Jackie Ryan — US Marshal
By Kathi Sprayberry
Jackie Ryan, the youngest man ever sworn in as a United States Marshal patrolling the Wild West, scuffed his booted feet against Tombstone's dusty street. No duty angered him as much as the one Ma had given him not long after they finished their breakfast at the ranch where they lived outside the silver mining town. Not when Jackie confronted a group of cattle rustlers outside Dodge City and made his reputation for bringing in his man despite overwhelming odds. Not even tracking down and capturing one of the worst murderers since Black Bart, the Grayson Gang, made Jackie want to run and hide in one of the many saloons dotting Tombstone's mean streets. Let a hardcase insult a woman and Jackie was more than ready to drop this errand and do his duty as a US Marshal, all the while maintaining the fact that his whole family was in the area, to investigate the law and cowboy issue but without revealing their identities. Any disaster would do to prevent Jackie from entering the adobe church in front of him and speak to the priest in charge.
"Ain't right." Jackie glared at the building as if that gave him an opportunity to avoid facing the man he called the worst coward in the Wild West. "Just ain't right for Ma to make me do this. Why not Aiden, Brady, or Casey? Why me?"
Aiden, Casey, and Brady were three of Jackie's older brothers. The other brother, Dwyer, had not followed the rest of the Ryan menfolk into the Marshal Service, electing to go in another direction. Several problems lay with that decision. Firstly, Dwyer was Jackie's twin and about ten minutes older than the youngest Marshal in the service. Secondly, Dwyer was the biggest coward on the untamed frontier. Even worse, he wore dresses!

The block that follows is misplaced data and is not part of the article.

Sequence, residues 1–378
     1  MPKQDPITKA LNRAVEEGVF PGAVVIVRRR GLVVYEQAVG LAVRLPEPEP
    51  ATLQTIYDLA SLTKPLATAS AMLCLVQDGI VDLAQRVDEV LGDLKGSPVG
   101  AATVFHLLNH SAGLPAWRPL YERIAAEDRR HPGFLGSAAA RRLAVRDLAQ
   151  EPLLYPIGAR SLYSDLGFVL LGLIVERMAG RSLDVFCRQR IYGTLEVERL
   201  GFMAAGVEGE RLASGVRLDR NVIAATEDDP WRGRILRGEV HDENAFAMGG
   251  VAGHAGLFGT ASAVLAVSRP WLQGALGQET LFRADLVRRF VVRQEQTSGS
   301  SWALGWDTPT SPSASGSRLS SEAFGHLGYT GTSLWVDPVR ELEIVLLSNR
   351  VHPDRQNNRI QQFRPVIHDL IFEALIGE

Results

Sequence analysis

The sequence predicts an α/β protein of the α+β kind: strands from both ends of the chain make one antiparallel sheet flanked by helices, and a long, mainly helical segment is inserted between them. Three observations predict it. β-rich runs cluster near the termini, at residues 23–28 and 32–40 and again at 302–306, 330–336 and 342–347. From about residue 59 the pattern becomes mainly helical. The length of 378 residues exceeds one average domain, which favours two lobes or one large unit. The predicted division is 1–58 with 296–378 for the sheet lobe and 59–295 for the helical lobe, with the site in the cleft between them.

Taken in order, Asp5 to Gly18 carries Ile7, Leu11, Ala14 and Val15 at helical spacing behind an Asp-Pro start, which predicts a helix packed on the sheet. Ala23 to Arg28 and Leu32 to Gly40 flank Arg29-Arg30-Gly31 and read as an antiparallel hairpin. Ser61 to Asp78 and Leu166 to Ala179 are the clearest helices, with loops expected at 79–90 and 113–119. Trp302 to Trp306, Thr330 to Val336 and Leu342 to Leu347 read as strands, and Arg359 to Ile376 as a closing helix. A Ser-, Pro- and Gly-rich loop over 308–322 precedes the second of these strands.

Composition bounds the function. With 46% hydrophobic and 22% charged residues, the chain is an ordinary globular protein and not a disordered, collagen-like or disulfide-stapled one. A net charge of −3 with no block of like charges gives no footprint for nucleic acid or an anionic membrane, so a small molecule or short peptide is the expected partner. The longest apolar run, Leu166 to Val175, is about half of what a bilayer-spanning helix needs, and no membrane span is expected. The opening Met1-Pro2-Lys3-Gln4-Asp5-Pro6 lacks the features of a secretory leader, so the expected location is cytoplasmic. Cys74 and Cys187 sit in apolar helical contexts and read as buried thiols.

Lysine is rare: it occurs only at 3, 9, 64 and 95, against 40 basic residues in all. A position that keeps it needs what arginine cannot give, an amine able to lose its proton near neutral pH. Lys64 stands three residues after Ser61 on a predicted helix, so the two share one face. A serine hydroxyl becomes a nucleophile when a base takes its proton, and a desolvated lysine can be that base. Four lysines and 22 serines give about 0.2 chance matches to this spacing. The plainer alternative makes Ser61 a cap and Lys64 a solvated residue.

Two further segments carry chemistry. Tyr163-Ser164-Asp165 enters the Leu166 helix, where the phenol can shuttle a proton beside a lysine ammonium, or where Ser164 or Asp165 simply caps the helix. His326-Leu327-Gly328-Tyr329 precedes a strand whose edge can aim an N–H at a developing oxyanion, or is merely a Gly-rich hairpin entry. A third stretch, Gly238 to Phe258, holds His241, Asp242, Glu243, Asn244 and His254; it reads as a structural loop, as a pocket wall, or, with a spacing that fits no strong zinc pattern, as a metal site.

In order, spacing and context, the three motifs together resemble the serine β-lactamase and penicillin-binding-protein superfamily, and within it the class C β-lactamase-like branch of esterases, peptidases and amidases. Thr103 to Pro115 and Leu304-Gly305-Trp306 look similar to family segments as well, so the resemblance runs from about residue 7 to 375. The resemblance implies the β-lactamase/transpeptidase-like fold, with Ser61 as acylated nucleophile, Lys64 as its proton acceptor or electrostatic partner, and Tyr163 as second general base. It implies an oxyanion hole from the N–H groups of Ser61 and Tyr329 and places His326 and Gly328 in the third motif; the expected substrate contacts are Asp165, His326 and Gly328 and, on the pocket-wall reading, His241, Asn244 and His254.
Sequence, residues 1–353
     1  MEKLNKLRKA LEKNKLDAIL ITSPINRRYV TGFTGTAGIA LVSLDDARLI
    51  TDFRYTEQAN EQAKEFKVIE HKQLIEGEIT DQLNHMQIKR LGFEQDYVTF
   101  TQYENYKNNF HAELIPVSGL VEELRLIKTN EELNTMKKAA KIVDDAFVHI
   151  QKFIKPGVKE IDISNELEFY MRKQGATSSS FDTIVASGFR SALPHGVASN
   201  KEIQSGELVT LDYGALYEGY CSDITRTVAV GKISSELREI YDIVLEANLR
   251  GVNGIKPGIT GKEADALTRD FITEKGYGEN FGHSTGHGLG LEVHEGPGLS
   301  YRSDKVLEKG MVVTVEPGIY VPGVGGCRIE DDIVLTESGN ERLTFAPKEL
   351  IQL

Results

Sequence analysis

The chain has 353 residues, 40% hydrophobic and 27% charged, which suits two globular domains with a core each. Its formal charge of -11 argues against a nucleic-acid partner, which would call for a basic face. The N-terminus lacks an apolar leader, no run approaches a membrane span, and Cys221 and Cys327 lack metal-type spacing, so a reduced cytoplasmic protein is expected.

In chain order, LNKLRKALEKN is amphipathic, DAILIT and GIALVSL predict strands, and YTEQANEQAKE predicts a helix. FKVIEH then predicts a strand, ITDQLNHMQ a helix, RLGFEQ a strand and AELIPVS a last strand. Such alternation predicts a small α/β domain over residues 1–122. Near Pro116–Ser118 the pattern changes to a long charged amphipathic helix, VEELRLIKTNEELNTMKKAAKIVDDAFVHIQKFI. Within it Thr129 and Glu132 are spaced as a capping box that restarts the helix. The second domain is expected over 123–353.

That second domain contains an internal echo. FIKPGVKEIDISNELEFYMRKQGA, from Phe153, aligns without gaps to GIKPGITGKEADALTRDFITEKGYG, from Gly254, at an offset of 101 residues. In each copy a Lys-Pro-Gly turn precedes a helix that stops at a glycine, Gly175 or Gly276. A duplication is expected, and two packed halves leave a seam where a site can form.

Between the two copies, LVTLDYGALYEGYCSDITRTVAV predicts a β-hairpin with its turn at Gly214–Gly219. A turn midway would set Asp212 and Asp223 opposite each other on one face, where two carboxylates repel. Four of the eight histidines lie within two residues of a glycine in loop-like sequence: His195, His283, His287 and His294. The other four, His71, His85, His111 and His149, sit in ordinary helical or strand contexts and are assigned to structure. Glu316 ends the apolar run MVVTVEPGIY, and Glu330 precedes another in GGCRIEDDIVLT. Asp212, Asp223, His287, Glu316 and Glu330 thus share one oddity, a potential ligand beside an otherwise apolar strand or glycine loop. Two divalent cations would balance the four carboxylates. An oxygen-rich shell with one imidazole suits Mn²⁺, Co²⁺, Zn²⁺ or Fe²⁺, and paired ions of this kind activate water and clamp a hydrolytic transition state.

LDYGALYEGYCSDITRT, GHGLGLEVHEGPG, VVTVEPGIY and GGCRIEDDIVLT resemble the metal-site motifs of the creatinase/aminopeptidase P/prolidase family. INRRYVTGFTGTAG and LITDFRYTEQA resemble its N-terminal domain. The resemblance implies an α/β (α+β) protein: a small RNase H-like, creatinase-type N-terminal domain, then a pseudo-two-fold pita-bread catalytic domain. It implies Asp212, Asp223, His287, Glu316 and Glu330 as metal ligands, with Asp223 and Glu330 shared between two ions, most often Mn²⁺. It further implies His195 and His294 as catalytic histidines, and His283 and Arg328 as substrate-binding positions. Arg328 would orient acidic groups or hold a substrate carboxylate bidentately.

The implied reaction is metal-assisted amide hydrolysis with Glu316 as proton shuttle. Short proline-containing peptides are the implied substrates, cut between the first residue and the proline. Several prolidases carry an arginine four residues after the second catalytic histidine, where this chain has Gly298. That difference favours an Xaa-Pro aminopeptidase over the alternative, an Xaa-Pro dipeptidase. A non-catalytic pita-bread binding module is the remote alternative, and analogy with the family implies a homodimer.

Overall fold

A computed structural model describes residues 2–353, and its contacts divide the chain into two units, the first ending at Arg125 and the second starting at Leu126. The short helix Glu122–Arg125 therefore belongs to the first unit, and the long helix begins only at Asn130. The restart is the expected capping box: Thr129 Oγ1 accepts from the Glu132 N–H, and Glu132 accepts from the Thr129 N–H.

"Won't do it," Jackie muttered. "Ma and Da have no right telling me to do it. I don't care if Kat is coming and will chase me with her blasted broom for not telling Dwyer. Nothing can make me talk to that coward."
The argument Jackie and Dwyer had the day his twin announced his calling haunted the young marshal as he continued approaching the church at a snail's pace. Their harsh words ended after Jackie announced that no man ever wore a dress, no matter if he called a cassock. A dress was a dress!
Still, deep within his heart, Jackie missed his twin, missed the confidences they shared growing up. He and Dwyer had been inseparable as children. Their antics had been legendary, leading the group of marshals Da commanded to speculate on whether the twins would become the best team in the service or the most sought after hardcases.
"Until Dwyer spoiled everything." Jackie curled his hands into fists and stopped outside the church his brother ran despite his relatively young age. "It just ain't right for a man to wear a dress."
Clad in grimy gray pants that had seen better days with suspenders strapped over a similarly disreputable shirt, Jackie snatched a flat brimmed hat from his bright red hair and slapped the hat against his pants. The dust cloud rising off his clothes set him to coughing. As part of the covert investigation into the difficulties in Tombstone, Jackie accepted an assignment that sickened him. Stopping by to speak with Dwyer would make Jackie late for a meeting with Doc Holliday; the notorious gambler attached to the Earps, unless the marshal stopped dallying and did his duty.
"Duty," Jackie said with disgust in his voice. "Duty's lighter than a feather but also heavier than a mountain." He shook his head to rid himself of any desire to turn and walk away. "Can't avoid this any longer."